If You’re Not Testing, You’re Losing

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Everyone pay attention to me, as this is the most important lesson I can teach you aside from never wearing socks with sandals.  Testing is not a way to keep your head in the clouds pondering; it’s a way to constantly improve as you laugh all the way to the bank.  Sure you can expand the keywords you are ranking for and double your traffic, but doing some testing to double your conversion rate is a smarter, easier, and cheaper way to increase the productivity of your website.  But, make sure you are testing the most efficient way possible.  Below are some quick tips to help keep you on the right track.

1)    Have faith in your tools. Thanks to easy multivariate testing sites like Optimizely, we don’t have to worry about “how to test” accurately because their user interface can handle it.  Instead, we can focus on the “what to test.”

2)    Test hypotheses, not your own opinions. To be a great web marketing strategist, you have to break away from the concept that we always know best.  A great website is not an extension of you, but rather an extension of the users that interact with the website.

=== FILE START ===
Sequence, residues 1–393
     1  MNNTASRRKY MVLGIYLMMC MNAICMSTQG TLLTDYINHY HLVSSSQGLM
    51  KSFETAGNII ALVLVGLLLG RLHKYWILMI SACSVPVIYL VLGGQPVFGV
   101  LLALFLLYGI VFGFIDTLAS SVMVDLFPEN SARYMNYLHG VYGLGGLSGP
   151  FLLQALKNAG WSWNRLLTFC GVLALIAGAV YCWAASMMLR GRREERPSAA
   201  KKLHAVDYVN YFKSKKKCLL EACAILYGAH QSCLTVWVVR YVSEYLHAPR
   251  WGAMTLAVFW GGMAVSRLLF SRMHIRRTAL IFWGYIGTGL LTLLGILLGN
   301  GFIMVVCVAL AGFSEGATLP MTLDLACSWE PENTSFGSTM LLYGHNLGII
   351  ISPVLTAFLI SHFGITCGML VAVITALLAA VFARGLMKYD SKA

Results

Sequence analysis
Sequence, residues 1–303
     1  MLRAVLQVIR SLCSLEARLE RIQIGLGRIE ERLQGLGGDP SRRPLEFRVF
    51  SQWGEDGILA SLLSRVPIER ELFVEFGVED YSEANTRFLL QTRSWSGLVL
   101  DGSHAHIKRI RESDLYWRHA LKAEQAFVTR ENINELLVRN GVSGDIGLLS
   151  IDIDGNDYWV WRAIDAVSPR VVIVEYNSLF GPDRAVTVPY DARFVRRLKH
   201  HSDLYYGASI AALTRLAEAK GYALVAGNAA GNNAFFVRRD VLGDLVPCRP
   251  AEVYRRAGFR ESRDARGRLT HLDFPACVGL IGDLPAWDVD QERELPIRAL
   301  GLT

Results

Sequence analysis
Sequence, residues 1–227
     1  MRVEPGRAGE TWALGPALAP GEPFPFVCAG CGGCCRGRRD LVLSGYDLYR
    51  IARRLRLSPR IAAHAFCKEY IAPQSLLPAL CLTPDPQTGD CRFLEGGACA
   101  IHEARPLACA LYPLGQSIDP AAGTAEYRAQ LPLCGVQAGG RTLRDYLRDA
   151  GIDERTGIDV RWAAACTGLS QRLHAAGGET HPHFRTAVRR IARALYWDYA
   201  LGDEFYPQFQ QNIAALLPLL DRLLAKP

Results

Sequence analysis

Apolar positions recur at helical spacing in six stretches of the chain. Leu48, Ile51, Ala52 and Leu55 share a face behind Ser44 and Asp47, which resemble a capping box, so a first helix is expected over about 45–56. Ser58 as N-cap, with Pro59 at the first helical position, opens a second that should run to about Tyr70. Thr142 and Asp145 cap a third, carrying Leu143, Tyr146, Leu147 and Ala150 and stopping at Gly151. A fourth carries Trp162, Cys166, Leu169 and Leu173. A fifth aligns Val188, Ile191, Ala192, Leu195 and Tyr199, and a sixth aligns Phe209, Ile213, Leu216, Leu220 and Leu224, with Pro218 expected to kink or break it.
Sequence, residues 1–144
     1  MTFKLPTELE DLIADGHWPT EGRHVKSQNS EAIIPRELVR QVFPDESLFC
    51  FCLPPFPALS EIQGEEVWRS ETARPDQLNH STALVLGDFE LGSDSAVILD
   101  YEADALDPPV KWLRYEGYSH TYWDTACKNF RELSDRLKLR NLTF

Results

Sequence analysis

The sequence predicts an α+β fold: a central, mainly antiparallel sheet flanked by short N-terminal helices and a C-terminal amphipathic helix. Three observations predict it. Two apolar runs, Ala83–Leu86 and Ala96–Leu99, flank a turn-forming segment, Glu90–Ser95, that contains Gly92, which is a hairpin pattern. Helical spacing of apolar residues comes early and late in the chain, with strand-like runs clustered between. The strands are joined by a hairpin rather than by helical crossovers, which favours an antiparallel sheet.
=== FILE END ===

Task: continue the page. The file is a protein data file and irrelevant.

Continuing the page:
3)    It’s best to approach a test from all angles. Make sure you not only measure the quantitative data from the GA and your testing interface, but that you also set up a user feedback survey or poll question within your social media profiles to get qualitative data as well.

4)    Go big first. The initial take from a user’s first impression is important since people process images faster than words.  Make sure the layout and images are good first since they have a higher impact that the content.  Big then small is the way to go.  Make sure you nail down the layout, color scheme, and font first.  Then go for the small details of button size, headline, etc.

5)    Make sure to focus on one change at a time.  If you change the button’s color and location, and the headline from ad to ad, how can you be sure what really has the big effect?  Go for one item at a time and do quick tests based on the number of users that visit the pages.